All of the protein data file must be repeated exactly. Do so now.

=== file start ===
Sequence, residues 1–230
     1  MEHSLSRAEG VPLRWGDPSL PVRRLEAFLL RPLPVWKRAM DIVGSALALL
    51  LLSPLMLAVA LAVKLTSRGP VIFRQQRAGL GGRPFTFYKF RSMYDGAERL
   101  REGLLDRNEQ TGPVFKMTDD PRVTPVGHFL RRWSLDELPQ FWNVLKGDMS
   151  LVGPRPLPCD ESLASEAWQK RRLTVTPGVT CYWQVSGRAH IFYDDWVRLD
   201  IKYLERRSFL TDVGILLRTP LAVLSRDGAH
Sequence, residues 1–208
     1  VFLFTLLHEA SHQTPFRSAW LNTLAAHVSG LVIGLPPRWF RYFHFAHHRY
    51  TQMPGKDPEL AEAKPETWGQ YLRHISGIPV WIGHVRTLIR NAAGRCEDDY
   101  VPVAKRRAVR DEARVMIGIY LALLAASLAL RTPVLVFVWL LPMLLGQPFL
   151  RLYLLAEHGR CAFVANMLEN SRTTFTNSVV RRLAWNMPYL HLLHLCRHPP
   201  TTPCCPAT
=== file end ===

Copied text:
Sequence, residues 1–230
     1  MEHSLSRAEG VPLRWGDPSL PVRRLEAFLL RPLPVWKRAM DIVGSALALL
    51  LLSPLMLAVA LAVKLTSRGP VIFRQQRAGL GGRPFTFYKF RSMYDGAERL
   101  REGLLDRNEQ TGPVFKMTDD PRVTPVGHFL RRWSLDELPQ FWNVLKGDMS
   151  LVGPRPLPCD ESLASEAWQK RRLTVTPGVT CYWQVSGRAH IFYDDWVRLD
   201  IKYLERRSFL TDVGILLRTP LAVLSRDGAH
Sequence, residues 1–208
     1  VFLFTLLHEA SHQTPFRSAW LNTLAAHVSG LVIGLPPRWF RYFHFAHHRY
    51  TQMPGKDPEL AEAKPETWGQ YLRHISGIPV WIGHVRTLIR NAAGRCEDDY
   101  VPVAKRRAVR DEARVMIGIY LALLAASLAL RTPVLVFVWL LPMLLGQPFL
   151  RLYLLAEHGR CAFVANMLEN SRTTFTNSVV RRLAWNMPYL HLLHLCRHPP
   201  TTPCCPAT